Synthesis cannot be taught, at best all that can be done is to inspire it.

    It cannot be taught.
     
  13. amilton542

    Active Member

    Nov 13, 2010
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    It depends on what path you've envisaged to walk down.

    If design engineerin' is your cup of tea, you need to know math beyond elementary algebra.

    You are also impaired if you have a thirst for knowledge through book reading at an advanced level and don't have the maths ability to digest and manipulate what's inside the book.
     
  14. ramancini8

    Member

    Jul 18, 2012
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    A lot of design can be done with basic algebra, but complete understanding of what you are doing, why it works, and more important, why it doesn't work requires a strong math background. You don't need to be intimately familiar with advanced math, but a grasp of the basics of advanced math is valuable. I couldn't begin to tell you how to differentiate a parabolic equation, but I would be lost with out a good understanding of the initial and final value theorems.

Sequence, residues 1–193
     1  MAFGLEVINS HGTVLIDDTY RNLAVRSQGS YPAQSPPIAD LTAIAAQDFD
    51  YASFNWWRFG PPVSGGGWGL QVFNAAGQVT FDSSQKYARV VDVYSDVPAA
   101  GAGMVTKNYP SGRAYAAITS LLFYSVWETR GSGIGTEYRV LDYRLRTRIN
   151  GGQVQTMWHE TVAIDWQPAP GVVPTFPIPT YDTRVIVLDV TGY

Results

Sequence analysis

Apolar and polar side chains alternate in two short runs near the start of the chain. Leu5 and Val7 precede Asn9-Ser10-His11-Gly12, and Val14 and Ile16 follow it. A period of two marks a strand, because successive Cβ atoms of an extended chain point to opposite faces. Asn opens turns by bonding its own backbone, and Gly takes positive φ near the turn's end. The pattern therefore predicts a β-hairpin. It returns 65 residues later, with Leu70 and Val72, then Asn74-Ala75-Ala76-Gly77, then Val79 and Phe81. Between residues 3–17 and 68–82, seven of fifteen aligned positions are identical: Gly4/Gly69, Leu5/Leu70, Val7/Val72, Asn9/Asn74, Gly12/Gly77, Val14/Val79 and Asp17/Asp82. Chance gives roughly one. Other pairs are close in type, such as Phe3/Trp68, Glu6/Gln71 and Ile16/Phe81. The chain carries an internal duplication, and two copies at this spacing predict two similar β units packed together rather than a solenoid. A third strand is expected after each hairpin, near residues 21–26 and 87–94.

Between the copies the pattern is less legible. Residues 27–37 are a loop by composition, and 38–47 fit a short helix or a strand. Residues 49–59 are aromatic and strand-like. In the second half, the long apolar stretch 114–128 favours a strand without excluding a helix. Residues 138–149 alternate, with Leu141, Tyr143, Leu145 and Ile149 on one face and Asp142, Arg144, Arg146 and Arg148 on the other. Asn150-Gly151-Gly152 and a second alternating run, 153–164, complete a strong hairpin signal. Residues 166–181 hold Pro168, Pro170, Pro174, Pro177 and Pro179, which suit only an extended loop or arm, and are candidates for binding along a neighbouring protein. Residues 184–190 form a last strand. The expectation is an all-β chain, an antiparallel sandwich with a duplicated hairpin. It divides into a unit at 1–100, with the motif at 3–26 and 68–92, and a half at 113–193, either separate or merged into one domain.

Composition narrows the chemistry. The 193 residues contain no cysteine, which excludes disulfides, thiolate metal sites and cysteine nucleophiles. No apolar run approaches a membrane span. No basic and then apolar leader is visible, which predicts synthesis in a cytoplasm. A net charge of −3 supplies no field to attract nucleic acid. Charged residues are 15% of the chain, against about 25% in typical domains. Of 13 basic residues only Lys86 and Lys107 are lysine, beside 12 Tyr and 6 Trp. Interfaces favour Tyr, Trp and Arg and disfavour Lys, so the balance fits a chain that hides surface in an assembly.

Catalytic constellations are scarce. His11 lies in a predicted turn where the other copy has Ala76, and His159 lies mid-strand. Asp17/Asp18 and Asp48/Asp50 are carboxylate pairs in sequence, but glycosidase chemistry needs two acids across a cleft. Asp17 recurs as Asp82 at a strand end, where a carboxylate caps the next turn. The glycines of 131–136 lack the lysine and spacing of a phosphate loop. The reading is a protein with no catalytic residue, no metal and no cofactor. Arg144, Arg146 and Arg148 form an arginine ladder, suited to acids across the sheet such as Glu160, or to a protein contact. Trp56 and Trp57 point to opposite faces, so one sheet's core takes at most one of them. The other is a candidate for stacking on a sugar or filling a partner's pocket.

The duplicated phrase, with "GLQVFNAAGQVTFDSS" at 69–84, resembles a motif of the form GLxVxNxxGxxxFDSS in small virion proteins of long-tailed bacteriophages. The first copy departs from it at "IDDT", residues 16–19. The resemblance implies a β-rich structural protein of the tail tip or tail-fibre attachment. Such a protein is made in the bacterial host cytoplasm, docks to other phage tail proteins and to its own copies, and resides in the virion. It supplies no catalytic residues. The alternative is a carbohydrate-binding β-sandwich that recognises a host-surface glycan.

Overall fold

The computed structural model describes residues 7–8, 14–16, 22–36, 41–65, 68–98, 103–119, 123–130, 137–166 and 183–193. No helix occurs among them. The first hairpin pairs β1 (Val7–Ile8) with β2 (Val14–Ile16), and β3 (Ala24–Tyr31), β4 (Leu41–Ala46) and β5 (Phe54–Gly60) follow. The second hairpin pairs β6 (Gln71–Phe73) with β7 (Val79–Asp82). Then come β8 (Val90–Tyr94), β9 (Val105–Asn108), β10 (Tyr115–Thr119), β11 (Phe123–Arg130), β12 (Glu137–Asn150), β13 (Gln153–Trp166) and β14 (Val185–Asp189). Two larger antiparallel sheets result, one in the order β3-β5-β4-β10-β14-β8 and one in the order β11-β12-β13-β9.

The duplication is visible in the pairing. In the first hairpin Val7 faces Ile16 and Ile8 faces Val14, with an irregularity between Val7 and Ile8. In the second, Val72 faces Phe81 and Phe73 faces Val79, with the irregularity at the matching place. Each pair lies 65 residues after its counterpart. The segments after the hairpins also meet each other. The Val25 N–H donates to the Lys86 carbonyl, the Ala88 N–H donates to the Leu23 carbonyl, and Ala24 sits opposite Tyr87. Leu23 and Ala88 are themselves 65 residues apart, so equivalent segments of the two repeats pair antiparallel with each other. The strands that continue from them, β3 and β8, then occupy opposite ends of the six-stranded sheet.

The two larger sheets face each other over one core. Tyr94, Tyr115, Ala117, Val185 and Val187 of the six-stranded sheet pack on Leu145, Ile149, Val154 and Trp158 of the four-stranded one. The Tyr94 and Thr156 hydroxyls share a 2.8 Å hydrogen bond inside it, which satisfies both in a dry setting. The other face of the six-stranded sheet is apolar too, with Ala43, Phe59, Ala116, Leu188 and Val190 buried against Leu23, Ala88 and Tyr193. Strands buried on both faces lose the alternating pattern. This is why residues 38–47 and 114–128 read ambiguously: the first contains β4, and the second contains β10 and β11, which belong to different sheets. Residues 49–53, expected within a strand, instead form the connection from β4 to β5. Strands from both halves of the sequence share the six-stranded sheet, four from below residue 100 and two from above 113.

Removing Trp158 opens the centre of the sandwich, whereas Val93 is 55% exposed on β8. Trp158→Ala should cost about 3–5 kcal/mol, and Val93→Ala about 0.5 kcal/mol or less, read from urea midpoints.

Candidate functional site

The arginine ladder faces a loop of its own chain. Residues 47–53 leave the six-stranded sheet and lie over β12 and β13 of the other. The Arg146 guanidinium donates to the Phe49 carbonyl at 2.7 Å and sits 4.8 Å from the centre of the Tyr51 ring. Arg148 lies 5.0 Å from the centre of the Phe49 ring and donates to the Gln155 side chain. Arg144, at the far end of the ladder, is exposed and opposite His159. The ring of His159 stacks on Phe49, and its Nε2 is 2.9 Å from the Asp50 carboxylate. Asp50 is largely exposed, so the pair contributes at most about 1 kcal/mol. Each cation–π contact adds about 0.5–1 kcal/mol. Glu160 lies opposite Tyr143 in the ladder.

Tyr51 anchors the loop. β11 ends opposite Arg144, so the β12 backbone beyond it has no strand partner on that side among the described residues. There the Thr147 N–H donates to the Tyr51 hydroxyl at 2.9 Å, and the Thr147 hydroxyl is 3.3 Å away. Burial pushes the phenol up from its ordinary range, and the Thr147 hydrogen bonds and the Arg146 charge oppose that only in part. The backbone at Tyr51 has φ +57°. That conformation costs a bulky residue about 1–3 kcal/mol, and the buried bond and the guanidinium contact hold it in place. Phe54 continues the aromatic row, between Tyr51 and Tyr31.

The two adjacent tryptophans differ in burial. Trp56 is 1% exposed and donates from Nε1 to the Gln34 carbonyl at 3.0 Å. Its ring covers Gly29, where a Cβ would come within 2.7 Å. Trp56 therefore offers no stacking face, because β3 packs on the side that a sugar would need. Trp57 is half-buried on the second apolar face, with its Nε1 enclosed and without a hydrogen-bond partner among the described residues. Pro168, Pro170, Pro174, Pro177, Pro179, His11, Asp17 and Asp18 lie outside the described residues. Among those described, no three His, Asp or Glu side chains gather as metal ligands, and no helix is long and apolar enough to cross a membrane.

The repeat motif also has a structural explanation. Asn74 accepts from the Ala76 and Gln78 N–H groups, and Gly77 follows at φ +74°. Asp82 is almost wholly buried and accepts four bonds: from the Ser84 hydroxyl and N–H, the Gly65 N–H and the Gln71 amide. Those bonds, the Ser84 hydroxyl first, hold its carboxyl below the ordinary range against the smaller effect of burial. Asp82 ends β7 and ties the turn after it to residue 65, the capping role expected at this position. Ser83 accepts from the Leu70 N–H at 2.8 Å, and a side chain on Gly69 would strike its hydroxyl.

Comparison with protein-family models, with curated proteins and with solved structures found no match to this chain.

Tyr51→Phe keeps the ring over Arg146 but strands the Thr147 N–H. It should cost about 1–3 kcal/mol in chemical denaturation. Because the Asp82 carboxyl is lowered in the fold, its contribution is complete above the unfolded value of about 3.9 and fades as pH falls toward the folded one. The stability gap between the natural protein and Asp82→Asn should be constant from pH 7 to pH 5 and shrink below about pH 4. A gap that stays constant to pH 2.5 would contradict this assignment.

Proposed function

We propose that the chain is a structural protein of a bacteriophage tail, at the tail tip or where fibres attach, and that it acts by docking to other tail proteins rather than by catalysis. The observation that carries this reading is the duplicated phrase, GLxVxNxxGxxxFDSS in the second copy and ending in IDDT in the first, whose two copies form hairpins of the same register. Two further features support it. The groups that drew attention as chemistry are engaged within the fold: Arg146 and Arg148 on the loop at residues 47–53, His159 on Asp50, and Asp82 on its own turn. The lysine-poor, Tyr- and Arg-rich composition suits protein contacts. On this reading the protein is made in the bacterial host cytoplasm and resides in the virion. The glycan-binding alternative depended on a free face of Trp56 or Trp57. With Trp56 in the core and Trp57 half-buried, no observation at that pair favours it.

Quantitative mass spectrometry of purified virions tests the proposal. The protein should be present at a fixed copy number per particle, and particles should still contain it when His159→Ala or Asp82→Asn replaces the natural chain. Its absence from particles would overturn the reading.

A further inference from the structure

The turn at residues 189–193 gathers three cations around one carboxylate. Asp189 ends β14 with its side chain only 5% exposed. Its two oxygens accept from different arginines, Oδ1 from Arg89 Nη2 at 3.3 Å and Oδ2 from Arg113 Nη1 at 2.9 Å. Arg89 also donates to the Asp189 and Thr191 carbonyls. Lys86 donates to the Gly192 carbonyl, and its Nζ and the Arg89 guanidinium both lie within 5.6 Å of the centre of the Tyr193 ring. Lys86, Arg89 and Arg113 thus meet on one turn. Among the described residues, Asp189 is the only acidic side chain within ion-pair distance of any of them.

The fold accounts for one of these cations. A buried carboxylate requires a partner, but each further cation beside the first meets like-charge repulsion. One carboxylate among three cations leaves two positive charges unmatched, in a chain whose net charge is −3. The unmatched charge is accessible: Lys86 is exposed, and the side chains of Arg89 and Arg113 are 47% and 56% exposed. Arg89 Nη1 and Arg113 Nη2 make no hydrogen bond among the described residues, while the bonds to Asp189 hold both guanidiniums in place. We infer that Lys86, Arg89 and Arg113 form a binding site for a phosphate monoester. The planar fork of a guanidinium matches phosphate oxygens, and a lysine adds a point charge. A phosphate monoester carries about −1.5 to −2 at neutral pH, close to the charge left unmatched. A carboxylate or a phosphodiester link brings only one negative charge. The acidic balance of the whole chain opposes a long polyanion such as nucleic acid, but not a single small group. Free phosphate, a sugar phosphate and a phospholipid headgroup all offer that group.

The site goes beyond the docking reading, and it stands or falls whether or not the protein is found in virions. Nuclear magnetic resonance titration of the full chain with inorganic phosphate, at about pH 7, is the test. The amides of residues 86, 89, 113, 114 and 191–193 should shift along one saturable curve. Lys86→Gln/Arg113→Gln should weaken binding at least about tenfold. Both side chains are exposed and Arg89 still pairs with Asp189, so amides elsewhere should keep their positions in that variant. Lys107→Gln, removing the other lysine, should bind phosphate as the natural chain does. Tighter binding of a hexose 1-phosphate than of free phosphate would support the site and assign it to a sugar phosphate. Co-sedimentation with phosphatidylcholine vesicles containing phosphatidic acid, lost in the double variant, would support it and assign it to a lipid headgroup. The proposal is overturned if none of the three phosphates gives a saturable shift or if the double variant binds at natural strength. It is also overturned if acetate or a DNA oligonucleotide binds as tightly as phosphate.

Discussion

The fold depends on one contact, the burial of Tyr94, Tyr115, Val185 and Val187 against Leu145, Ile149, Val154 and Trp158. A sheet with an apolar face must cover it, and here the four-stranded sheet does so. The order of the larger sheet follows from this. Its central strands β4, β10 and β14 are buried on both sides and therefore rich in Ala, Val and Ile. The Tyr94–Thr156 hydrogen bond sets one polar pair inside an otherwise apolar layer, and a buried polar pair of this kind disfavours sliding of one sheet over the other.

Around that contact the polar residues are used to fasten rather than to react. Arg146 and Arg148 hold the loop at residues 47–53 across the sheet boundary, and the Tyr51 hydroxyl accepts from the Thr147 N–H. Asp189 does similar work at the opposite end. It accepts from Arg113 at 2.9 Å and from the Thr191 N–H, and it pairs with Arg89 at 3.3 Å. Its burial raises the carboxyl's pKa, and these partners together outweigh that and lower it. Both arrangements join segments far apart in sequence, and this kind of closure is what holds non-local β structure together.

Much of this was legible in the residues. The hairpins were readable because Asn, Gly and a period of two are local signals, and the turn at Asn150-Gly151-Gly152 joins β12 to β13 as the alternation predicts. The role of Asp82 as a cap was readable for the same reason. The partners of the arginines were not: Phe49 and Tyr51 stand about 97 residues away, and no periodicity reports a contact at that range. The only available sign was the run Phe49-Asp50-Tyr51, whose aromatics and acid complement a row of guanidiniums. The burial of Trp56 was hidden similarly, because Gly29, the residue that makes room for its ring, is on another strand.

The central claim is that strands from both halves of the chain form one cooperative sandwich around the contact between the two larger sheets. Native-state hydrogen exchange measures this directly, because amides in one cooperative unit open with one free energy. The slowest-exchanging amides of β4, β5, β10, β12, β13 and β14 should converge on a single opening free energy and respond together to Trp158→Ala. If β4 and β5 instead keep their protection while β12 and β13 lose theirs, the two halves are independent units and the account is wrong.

15. electROhit

    New Member

    May 23, 2015
    1
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    I major in mathematics, electrical and electronics engineering. As a math major, all I can say is if you develop problem solving abilities there is nothing you cannot achieve/solve, at least you will an approach in mind upon which you can develop. With elementary algebra alone, things will start getting blurry a little bit later. But, if you really have passion for the subject nothing should stop you from learning. All the best.
     
  16. MrChips

    Moderator

    Oct 2, 2009
    12,437
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    The TS has been gone three years ago.